“Ladies and gentleman, we shall shortly be landing at Sao Paulo International airport where the local time is…”
Baaaaaaang…The guy sitting next to me, who was an experienced aviation consultant, went a sickly white colour and gripped my arm in what I hope was a paternal show of support, “there goes the undercarriage…”
Even I winced as there was a sickening metal on metal sound that one doesn’t really want to associate with commercial airline travel. The Brazilians all around me, instead of the traditional round of applause which greets every homecoming, reached for their bibles and began crossing themselves hastily. We did manage to taxi halfway down the runway before the captain decided that his day wasn’t going to get any better than this and a fleet of buses were dispatched to drive us to the terminal. As I emerged into the hazy light of a dreamy Saturday morning I tried to ignore the large collection of metallic fragments scattered along the taxiway and concentrated on the wonderful feeling of being back on Brazilian soil.
As I worked my way through formalities, I let the old familiar sounds and smells wash back over me. By the time I had collected my luggage and had my passport stamped my mind had made the small jump back into Portuguese and I felt terribly at home once again. As I looked for my friend who had so nobly agreed to pick me at after my red eye (and brown trouser) flight from the UK, I thought back at the strange chain of events which had lead me back to the place I often feel most at home in after leaving ‘for good’ a few weeks previous…
I had been in a weekly sales meeting for my new company, sitting at the back of the room as I normally do, idly drawing up a list of places I would like to go and not really listening to the person giving the pep talk. Through the haze I heard the magic words ‘Brasil’, ‘opportunity’ and ‘immediate’ and before anyone else had a chance to respond I leapt out my seat and shouted, “Meeeeeeeeeeeeeeeeeeeeeee!” Things had then happened so quickly that before I really knew what was going on I was standing on the tarmac under a tropical sun and remembering the old maxim of any landing you can walk away from is a good one.
As surprising as it may seem I had never been to Sao Paulo. I had been to the airport countless times and had even passed through the bus terminal a few times on the way to somewhere else, but I had never really dived into the city to any great extent. I had always planned to go, purely for the reason that not only is it such a strategically important city, but the Brazilians always refer to it as a megalopolis, which to me sounds exceedingly cool if not inspirational.
The extent of the megalopolis, however, wasn’t really evident as we zipped through the early morning traffic. It was only when I had finally checked into the hotel and stood in the rooftop bar with an early morning beer in my hand did the sheer magnitude of the city hit me. In every direction as far as the eye could see were high rise buildings. Some were new, some were old, some were glittering in the light and some looked like they were about to fall down. They were all cramped together like trees in a rainforest jostling for light. I wasn’t sure if it was the most inspiringly awesome sight I had ever seen or one of the saddest, but without a doubt it was certainly mesmerising.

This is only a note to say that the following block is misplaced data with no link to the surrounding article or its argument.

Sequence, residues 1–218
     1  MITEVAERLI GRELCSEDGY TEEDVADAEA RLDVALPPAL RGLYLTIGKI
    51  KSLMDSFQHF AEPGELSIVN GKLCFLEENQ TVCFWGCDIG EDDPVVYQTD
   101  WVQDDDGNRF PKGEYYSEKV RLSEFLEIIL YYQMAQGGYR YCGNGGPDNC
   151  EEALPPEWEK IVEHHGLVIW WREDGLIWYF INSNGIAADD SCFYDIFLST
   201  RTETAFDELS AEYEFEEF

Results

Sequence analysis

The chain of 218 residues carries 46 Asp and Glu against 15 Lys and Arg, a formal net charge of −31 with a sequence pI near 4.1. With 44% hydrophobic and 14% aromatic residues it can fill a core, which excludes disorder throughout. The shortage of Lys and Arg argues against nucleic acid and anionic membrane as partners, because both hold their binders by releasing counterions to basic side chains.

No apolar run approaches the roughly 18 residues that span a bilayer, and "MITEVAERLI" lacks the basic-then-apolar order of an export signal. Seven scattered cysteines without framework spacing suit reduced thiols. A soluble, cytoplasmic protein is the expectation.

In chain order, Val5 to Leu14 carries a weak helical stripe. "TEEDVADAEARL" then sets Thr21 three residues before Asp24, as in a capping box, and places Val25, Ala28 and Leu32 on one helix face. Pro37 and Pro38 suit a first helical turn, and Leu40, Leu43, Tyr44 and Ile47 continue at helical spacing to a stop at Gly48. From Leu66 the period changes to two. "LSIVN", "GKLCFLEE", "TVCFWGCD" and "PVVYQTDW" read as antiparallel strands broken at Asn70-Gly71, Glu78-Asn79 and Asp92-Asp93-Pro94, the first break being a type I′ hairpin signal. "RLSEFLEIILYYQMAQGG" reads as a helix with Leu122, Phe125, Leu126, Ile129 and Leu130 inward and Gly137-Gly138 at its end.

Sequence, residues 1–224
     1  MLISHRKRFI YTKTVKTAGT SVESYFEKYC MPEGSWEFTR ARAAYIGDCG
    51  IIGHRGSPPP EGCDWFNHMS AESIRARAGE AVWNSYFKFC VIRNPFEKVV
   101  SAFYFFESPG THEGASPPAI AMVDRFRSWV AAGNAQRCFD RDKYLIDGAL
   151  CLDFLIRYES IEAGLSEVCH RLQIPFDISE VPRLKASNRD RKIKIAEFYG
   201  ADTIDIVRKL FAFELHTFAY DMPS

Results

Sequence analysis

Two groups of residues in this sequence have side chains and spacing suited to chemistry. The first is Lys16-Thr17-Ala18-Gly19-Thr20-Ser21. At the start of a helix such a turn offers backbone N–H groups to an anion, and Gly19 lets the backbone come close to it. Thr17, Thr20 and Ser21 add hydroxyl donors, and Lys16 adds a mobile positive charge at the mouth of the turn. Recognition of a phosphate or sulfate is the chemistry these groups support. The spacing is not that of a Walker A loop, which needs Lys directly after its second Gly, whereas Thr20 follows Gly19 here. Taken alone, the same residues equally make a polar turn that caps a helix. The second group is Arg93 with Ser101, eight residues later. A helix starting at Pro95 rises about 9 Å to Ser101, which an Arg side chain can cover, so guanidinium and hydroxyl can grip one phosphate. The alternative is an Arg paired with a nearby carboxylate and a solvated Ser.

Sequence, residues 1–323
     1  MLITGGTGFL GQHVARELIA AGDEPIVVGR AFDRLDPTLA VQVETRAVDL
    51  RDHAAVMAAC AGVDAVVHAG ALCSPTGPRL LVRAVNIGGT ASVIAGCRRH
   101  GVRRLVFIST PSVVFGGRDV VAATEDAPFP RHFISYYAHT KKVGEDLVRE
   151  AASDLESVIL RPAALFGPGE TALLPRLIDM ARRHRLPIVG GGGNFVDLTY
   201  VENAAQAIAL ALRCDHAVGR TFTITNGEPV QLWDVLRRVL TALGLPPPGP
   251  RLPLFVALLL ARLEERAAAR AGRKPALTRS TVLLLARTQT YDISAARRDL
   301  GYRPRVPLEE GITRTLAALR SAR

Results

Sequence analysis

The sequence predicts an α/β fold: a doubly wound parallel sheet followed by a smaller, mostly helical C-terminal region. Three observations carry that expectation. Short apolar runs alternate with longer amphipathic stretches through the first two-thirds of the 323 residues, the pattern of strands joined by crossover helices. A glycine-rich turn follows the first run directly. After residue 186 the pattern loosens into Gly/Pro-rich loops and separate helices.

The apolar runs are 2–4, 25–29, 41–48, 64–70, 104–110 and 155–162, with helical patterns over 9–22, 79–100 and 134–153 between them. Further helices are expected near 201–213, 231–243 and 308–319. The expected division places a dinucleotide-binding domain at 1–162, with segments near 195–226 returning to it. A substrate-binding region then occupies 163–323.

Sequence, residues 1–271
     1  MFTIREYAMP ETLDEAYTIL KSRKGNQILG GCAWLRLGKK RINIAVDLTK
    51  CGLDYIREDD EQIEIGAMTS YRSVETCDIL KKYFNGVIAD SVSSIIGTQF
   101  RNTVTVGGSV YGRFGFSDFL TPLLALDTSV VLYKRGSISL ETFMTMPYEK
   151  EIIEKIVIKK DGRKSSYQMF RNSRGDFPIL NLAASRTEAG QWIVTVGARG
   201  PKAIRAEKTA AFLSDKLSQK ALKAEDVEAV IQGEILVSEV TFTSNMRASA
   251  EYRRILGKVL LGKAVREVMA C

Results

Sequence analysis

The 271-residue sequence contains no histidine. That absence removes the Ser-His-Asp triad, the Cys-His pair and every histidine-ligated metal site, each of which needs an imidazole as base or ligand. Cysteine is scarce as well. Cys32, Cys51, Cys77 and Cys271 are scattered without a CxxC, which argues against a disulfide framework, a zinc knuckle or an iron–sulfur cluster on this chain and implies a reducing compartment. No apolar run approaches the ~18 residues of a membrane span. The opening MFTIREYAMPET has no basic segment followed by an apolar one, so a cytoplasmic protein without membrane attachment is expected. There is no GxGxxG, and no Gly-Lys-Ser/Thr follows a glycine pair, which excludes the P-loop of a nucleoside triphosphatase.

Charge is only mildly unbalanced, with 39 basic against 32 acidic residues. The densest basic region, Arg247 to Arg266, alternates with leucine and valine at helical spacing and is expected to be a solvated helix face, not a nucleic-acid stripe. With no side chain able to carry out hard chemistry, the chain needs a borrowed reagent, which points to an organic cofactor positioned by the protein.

The locals will tell you that Sao Paulo is only the third greatest city in the world (I seriously doubt this) after New York and Mexico City. For my money, and after many happy experiences in both Mexico and NY, Sao Paulo is in a different league and the most visually stimulating place on earth. Visually saturated, I grabbed my note book and went to see the city from street level.
Outside my hotel was a concrete monstrosity by Brazilian legend Oscar Neidameyer under which I found a taxi driven by the unlikely named driver Archimedes Lombardo, who was as insane as the name might suggest. No sooner had I told him I wanted to see the city than we were off, hurtling against the oncoming traffic at relativistic speeds.
“Archimedes, that light was red.”
“Ah, don’t worry, but did you see that girl’s bottom. Nossa…”
“Archimedes, this street is one way…”
“I am only going one way.”
“Yes, the wrong one.”
And so it went on and I didn’t really see all the things I wanted to because I was too busy trying to peel myself of the seat and keep up with Sr. Lombardo’s conversation (most of which concerned the disgraceful state of the Brazilian energy system and bottoms). He picked me up a few days later on my way to a meeting at the British Embassy and managed to detain me for almost an hour (“Don’t worry, I am sure the ambassador will wait.”) because I made this mistake of asking him about football. Like most things in Sao Paulo he was much larger than life, completely endearing and probably unique.